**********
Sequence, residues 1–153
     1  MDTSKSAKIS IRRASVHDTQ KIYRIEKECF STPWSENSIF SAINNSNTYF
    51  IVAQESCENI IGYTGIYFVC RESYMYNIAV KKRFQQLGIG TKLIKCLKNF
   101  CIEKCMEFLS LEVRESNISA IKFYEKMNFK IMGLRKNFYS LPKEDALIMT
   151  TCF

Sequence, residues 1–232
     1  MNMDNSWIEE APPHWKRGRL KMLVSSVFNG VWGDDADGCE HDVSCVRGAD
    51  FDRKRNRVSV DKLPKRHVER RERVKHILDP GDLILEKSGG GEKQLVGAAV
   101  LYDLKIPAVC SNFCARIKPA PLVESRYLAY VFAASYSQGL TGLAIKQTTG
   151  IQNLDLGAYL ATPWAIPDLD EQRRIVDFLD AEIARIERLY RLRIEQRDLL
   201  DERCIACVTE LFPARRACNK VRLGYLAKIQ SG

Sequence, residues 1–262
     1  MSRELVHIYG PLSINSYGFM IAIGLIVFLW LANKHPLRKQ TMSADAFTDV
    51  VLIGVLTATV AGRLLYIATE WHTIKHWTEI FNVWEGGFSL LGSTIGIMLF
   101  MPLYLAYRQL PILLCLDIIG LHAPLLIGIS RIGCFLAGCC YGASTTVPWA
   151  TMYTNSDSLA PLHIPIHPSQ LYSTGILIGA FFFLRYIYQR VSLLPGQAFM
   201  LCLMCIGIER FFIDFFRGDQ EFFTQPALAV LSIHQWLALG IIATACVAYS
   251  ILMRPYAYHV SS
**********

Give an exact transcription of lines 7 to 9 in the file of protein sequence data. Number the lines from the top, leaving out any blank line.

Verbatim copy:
     1  MNMDNSWIEE APPHWKRGRL KMLVSSVFNG VWGDDADGCE HDVSCVRGAD
    51  FDRKRNRVSV DKLPKRHVER RERVKHILDP GDLILEKSGG GEKQLVGAAV
   101  LYDLKIPAVC SNFCARIKPA PLVESRYLAY VFAASYSQGL TGLAIKQTTG